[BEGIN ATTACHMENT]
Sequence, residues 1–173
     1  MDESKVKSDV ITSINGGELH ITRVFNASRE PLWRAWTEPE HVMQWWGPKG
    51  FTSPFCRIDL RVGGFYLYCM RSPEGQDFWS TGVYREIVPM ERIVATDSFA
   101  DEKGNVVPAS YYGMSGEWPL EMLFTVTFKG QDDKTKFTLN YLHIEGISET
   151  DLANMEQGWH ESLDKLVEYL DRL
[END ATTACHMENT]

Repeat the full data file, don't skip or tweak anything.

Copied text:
Sequence, residues 1–173
     1  MDESKVKSDV ITSINGGELH ITRVFNASRE PLWRAWTEPE HVMQWWGPKG
    51  FTSPFCRIDL RVGGFYLYCM RSPEGQDFWS TGVYREIVPM ERIVATDSFA
   101  DEKGNVVPAS YYGMSGEWPL EMLFTVTFKG QDDKTKFTLN YLHIEGISET
   151  DLANMEQGWH ESLDKLVEYL DRL